The writings of the Belgian historian Jean Henri Otto Lucien Marie Pirenne (1862-1935) renewed 20th-century ideas about the origins of European cities. His teaching created a major school of Belgian medievalists.
Henri Pirenne was born at Verviers on Dec. 23, 1862. At the University of Liège he studied history with Godefroid Kurth and Paul Fredericq. He received his doctorate in philosophy in 1883 and won a scholarship that allowed him to study in Berlin and Paris. In 1885 he organized the teaching of paleography and diplomatics at the University of Liège, and in 1886 he was named professor at the University of Ghent, where he remained for 40 years.
During World War I Pirenne was imprisoned for resisting the German occupation. Moved from prison camp to prison camp, he learned Russian in one, taught Belgian history to the Belgian prisoners in a second, and without the aid of books or notes wrote a History of Europe (1936) in a third. "He was a teacher without peer, " a student later wrote, "exciting his young students with his forceful and colorful rhetoric and by the originality of his ideas." From his seminar at Ghent there issued a large number of eminent Belgian and American medievalists.
In 1893 Pirenne published an article on the origins of medieval towns. Worked out in later articles and in two books, Belgian Democracy: Its Early History (1910) and Medieval Cities (1925), his thesis came to dominate studies of medieval urban institutions. Some historians argued that medieval town constitutions originated in ecclesiastical immunities, others that towns were outgrowths of medieval servile communities, and still others that they descended from primitive free communities. Pirenne maintained that the early medieval town was only a fortress, economically dependent on the countryside. With the economic revival of the 10th and 11th centuries, however, old cities were reborn and new towns created in the form of trading settlements near the older fortresses. These created their own law and a new status of personal freedom. Though Pirenne's argument was largely intuitive, the validity of his thesis for northern European towns was demonstrated by the research his views inspired.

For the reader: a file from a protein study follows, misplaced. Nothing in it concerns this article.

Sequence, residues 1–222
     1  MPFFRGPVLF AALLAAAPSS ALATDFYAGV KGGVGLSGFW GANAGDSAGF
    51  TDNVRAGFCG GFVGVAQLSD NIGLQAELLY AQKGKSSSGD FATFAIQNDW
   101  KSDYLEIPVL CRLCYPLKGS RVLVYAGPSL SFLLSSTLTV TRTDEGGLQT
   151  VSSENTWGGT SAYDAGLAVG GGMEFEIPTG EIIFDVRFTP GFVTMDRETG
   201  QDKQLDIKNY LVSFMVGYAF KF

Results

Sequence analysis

In 1922 Pirenne published another provocative article, "Mohammed and Charlemagne, " in which he argued that the break between antiquity and the Middle Ages came with the closing of the Mediterranean by the Moslem conquest of Africa and Spain. Worked out in a book by the same title (1937), the thesis inspired other historians to turn their attention to the economic history of the early Middle Ages, and it still remains the starting point for discussions of the societies of Merovingian and Carolingian Europe. Pirenne also wrote a History of Belgium (7 vols., 1900-1932). He died at Ukkel on Oct. 24, 1935.
A memoir and an evaluation of Pirenne's work by Charles Verlinden appear in Joseph T. Lambie, ed., Architects and Craftsmen in History (1956). A study of Pirenne by James L. Cate is in Samuel William Halperin, ed., Some 20th-Century Historians: Essays on Eminent Europeans (1961). Alfred F. Havighurst, ed., The Pirenne Thesis: Analysis, Criticism, and Revision (1958; 2d ed. 1969), contains Pirenne's major statements on Mohammed and Charlemagne and a selection of the critical literature this work evoked.
Lyon, Bryce Dale, Henri Pirenne: a biographical and intellectual study, Ghent: E. Story-Scientia, 1974.